Publication

Article Metrics

Citations


Online attention

In situ high temperature atomic level dynamics of large inversion domain formations in monolayer MoS 2

DOI: 10.1039/C8NR08821G DOI Help

Authors: Jun Chen (University of Oxford) , Si Zhou (University of Oxford) , Yi Wen (University of Oxford) , Gyeong Hee Ryu (University of Oxford) , Christopher Allen (niversity of Oxford; Diamond Light Source) , Yang Lu (University of Oxford) , Angus I. Kirkland (University of Oxford; Diamond Light Source) , Jamie H. Warner (University of Oxford)
Co-authored by industrial partner: No

Type: Journal Paper
Journal: Nanoscale , VOL 27

State: Published (Approved)
Published: January 2019

Abstract: Here we study the high-temperature formation and dynamics of large inversion domains (IDs) that form in monolayer MoS2 using atomic-resolution annular dark-field scanning transmission electron microscopy (ADF-STEM) with an in situ heating stage. We use temperatures above 700 °C to thermally activate rapid S vacancy migration and this leads to a formation mechanism of IDs that differs from the one at room temperature, where S vacancy migration is limited. We show that at high temperatures the formation of IDs occurs from intersected networks of long S vacancy line defects, whose strain fields are non-orthogonal and trigger large scale atomic reconstructions. Once formed, the IDs are influenced by the dynamic behaviour of nearby line defects and voids. With Mo and S atoms undergoing movement, the two types of ID grain boundaries can shift to allow further expansion of the ID area along the adjoining line defects. We reveal that IDs serve as metastable configurations between line defect rearrangements and eventual void formation under electron beam irradiation during heating. The formation of voids near to the IDs causes them to revert back to pristine lattice, which has the effect of restricting the ID domain size to a certain range (e.g. 3–5 nm in our observation) instead of continuously enlarging. This study provides insights into how the MoS2 IDs form and evolve at high temperature and can benefit the tailoring of electronic properties of two dimensional materials by structural manipulation.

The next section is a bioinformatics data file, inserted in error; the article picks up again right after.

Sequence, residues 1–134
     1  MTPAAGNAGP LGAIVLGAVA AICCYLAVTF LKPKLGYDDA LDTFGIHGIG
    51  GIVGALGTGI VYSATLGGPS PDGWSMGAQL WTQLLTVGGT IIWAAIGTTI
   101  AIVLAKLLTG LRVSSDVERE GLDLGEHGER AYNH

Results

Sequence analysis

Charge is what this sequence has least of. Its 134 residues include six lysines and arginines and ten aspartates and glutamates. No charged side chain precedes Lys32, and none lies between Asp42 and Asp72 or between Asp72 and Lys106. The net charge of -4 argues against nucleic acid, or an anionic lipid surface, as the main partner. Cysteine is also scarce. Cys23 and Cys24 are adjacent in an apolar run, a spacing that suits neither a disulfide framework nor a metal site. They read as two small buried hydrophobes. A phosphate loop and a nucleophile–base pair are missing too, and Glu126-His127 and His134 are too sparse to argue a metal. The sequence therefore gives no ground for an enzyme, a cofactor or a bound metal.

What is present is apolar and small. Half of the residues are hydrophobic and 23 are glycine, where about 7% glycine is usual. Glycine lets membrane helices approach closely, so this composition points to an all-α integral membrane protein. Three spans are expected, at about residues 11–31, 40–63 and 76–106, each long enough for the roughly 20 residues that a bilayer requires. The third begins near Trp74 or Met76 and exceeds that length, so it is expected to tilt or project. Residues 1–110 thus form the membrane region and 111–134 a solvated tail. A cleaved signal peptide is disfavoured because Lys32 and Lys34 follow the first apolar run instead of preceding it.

Subject Areas: Materials

Diamond Offline Facilities: Electron Physical Sciences Imaging Centre (ePSIC)
Instruments: E02-JEM ARM 300CF